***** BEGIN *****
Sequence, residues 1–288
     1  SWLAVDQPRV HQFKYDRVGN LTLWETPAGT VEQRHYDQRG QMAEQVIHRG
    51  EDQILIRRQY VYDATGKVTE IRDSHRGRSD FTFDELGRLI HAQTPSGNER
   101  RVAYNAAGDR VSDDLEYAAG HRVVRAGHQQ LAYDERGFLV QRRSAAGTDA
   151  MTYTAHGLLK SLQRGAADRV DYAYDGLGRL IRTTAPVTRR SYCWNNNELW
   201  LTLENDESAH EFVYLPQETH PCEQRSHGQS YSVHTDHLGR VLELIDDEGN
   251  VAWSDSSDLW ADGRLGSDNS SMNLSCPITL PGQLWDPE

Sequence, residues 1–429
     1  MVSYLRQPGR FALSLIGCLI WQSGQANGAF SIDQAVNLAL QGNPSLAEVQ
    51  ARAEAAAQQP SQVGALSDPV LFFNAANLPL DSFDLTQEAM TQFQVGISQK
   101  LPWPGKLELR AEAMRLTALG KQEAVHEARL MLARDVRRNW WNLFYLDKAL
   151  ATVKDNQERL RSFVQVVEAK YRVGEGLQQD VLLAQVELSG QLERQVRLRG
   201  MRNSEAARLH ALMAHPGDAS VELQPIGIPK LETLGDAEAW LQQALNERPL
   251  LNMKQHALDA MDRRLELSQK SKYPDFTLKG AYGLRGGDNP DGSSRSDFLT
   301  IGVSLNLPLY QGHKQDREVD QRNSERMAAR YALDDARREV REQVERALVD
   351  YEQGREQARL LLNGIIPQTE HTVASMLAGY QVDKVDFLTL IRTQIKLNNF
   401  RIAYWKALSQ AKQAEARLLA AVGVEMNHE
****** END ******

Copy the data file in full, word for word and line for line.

Sequence, residues 1–288
     1  SWLAVDQPRV HQFKYDRVGN LTLWETPAGT VEQRHYDQRG QMAEQVIHRG
    51  EDQILIRRQY VYDATGKVTE IRDSHRGRSD FTFDELGRLI HAQTPSGNER
   101  RVAYNAAGDR VSDDLEYAAG HRVVRAGHQQ LAYDERGFLV QRRSAAGTDA
   151  MTYTAHGLLK SLQRGAADRV DYAYDGLGRL IRTTAPVTRR SYCWNNNELW
   201  LTLENDESAH EFVYLPQETH PCEQRSHGQS YSVHTDHLGR VLELIDDEGN
   251  VAWSDSSDLW ADGRLGSDNS SMNLSCPITL PGQLWDPE

Sequence, residues 1–429
     1  MVSYLRQPGR FALSLIGCLI WQSGQANGAF SIDQAVNLAL QGNPSLAEVQ
    51  ARAEAAAQQP SQVGALSDPV LFFNAANLPL DSFDLTQEAM TQFQVGISQK
   101  LPWPGKLELR AEAMRLTALG KQEAVHEARL MLARDVRRNW WNLFYLDKAL
   151  ATVKDNQERL RSFVQVVEAK YRVGEGLQQD VLLAQVELSG QLERQVRLRG
   201  MRNSEAARLH ALMAHPGDAS VELQPIGIPK LETLGDAEAW LQQALNERPL
   251  LNMKQHALDA MDRRLELSQK SKYPDFTLKG AYGLRGGDNP DGSSRSDFLT
   301  IGVSLNLPLY QGHKQDREVD QRNSERMAAR YALDDARREV REQVERALVD
   351  YEQGREQARL LLNGIIPQTE HTVASMLAGY QVDKVDFLTL IRTQIKLNNF
   401  RIAYWKALSQ AKQAEARLLA AVGVEMNHE